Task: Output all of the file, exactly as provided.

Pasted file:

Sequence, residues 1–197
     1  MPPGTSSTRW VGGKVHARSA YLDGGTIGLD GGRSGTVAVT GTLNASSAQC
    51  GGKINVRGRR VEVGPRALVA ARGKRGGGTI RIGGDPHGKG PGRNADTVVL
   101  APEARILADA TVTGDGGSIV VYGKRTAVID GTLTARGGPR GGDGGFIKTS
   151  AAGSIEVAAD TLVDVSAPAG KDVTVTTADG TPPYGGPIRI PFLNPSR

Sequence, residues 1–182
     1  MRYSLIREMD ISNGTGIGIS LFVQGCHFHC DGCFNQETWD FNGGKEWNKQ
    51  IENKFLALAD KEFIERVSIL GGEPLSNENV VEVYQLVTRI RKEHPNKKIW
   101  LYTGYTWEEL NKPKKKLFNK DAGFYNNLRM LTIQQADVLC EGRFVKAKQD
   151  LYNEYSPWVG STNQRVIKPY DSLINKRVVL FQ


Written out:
Sequence, residues 1–197
     1  MPPGTSSTRW VGGKVHARSA YLDGGTIGLD GGRSGTVAVT GTLNASSAQC
    51  GGKINVRGRR VEVGPRALVA ARGKRGGGTI RIGGDPHGKG PGRNADTVVL
   101  APEARILADA TVTGDGGSIV VYGKRTAVID GTLTARGGPR GGDGGFIKTS
   151  AAGSIEVAAD TLVDVSAPAG KDVTVTTADG TPPYGGPIRI PFLNPSR

Sequence, residues 1–182
     1  MRYSLIREMD ISNGTGIGIS LFVQGCHFHC DGCFNQETWD FNGGKEWNKQ
    51  IENKFLALAD KEFIERVSIL GGEPLSNENV VEVYQLVTRI RKEHPNKKIW
   101  LYTGYTWEEL NKPKKKLFNK DAGFYNNLRM LTIQQADVLC EGRFVKAKQD
   151  LYNEYSPWVG STNQRVIKPY DSLINKRVVL FQ